Instead, plaintiffs agreed to the Stipulation of Settlement and, contrary to Wheelahan's assertions, that Stipulation does not establish any right to attorney's fees. The Stipulation clearly contemplates separate proceedings and a separate judgment for an amount of attorney's fees, if any. Paragraph 4.1 of the Stipulation states that plaintiffs' counsel shall submit an application for reimbursement of attorney's fees and expenses, to be approved by the court. Paragraph 4.3 of the Stipulation provides that "[a]ny fee and expense application, any fee and expense award, and any and all matters related thereto, shall not be considered part of the Stipulation, and shall be considered by the Court separately from the Court's consideration of the fairness, reasonableness and adequacy of the Settlement, and shall not operate to terminate or cancel the Stipulation or Settlement, and shall not affect or delay the finality of any Final Approval Order approving the Stipulation and the settlement of the Actions." Again, the order approving the settlement (Doc. 515, ¶23) provides that the "court shall rule on the application of Plaintiffs' Counsel for reimbursement of fees and expenses at a later date. The pendency of the application for fees and expenses shall not delay or affect the finality of this Final Approval Order and Final Judgment."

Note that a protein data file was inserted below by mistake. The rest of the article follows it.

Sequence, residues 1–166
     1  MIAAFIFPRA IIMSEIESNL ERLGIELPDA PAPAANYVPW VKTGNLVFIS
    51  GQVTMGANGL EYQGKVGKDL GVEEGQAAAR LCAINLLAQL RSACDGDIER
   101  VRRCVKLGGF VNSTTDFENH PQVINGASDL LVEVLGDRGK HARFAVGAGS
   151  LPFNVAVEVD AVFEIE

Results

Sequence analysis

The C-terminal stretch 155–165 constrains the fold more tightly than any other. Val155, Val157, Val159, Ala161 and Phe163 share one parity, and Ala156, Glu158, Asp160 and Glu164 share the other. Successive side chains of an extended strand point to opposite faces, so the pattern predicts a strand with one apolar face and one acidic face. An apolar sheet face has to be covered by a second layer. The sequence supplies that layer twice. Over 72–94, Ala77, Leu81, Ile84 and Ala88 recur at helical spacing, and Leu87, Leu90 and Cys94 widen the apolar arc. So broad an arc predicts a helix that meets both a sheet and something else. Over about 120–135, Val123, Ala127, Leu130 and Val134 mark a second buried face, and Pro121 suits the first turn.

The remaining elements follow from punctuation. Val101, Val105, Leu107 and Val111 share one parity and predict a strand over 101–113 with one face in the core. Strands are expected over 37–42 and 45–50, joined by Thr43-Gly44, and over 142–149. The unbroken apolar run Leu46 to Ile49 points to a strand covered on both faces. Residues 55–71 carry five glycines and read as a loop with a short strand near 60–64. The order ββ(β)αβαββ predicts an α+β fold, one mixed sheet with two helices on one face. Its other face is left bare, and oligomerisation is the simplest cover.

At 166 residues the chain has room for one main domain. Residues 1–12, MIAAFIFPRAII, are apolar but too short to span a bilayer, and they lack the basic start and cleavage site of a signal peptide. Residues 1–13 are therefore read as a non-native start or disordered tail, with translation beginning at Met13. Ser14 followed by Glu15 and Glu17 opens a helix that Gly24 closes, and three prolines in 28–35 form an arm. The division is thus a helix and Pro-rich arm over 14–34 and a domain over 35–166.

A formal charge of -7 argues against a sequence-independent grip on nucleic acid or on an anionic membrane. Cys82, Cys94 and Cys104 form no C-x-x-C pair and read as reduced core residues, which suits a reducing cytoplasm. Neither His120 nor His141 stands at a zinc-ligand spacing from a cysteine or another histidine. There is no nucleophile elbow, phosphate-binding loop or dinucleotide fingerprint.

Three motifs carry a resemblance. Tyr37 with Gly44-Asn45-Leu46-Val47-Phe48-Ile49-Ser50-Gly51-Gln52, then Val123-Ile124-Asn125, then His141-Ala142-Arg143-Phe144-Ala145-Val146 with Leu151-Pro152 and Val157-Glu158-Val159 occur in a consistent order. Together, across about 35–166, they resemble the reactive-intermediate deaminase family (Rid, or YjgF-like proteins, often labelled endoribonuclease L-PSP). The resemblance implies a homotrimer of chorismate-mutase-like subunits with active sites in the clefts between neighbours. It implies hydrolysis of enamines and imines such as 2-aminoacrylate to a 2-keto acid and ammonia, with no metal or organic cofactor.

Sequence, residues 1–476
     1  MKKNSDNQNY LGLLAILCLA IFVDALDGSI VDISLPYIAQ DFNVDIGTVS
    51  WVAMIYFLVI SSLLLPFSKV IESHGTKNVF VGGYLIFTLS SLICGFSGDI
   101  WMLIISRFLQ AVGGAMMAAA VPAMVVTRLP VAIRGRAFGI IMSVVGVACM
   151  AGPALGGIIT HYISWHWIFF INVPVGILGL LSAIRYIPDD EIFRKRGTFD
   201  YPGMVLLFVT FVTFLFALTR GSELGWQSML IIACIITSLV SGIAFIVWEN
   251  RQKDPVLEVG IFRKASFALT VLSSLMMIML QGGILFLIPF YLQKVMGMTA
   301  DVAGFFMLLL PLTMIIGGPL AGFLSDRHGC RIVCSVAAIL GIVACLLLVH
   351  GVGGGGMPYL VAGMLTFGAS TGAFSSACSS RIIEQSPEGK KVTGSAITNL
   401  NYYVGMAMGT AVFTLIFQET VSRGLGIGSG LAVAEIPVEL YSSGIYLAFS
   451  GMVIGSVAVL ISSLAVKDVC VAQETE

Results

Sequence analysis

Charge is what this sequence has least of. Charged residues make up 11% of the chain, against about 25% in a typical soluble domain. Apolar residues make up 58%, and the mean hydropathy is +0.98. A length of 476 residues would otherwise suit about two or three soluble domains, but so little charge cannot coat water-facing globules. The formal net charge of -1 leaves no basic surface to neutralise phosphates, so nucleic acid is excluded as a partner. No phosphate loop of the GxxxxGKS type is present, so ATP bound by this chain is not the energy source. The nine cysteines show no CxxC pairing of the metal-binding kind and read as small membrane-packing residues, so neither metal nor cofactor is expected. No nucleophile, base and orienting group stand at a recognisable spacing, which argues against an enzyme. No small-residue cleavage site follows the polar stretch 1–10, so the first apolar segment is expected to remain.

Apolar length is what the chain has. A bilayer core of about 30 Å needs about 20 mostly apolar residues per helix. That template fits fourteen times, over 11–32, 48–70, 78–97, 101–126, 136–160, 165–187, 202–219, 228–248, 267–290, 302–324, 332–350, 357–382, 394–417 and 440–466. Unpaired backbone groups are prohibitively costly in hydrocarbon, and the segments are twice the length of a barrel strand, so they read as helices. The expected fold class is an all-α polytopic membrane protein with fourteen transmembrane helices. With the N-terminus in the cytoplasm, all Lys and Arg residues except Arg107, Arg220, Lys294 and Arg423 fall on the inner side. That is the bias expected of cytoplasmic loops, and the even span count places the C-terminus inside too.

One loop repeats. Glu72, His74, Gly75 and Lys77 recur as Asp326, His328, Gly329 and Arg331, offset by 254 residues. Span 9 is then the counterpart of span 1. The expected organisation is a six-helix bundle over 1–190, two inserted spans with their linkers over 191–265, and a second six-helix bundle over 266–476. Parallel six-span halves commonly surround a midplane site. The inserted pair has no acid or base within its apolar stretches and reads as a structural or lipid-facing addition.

Consequently, the Stipulation of Settlement and corresponding judgment did not entitle Wheelahan (or any plaintiffs' counsel) to attorney's fees. The decision to award fees, and the amounts thereof, was contained in the court's order entered on December 9, 2009. That order awarded Wheelahan $2.7 million in fees. She is entitled to no interest on that initial $2.7 million because it was paid immediately after the judgment was issued. The remaining $1.425 million was not quantified until the Seventh Circuit's decision on January 14, 2011. Under the Jenkins Rule, Wheelahan would have an argument for interest on that $1.425 million running from December 9, 2009 (the date that this court conclusively determined her right to fees), and the date on which it was paid. By this court's calculation, that would be approximately 14 months at the federal rate of .3%*fn2 , for a total of approximately $4,987.50.
Again, however, the Seventh Circuit rule is that interest does not accrue until a judgment quantifying the amount of attorney's fees is entered. Pursuant to the Seventh Circuit mandate, this court entered the judgment awarding Wheelahan the additional $1.425 million in attorney's fees on February 10, 2011. She was paid immediately thereafter. Accordingly, she is entitled to no interest on the additional fees awarded by the Seventh Circuit.
For the reasons explained above, Louisiana Settlement Class Counsel's motion for order awarding interest on judgment (Doc. 881) is denied.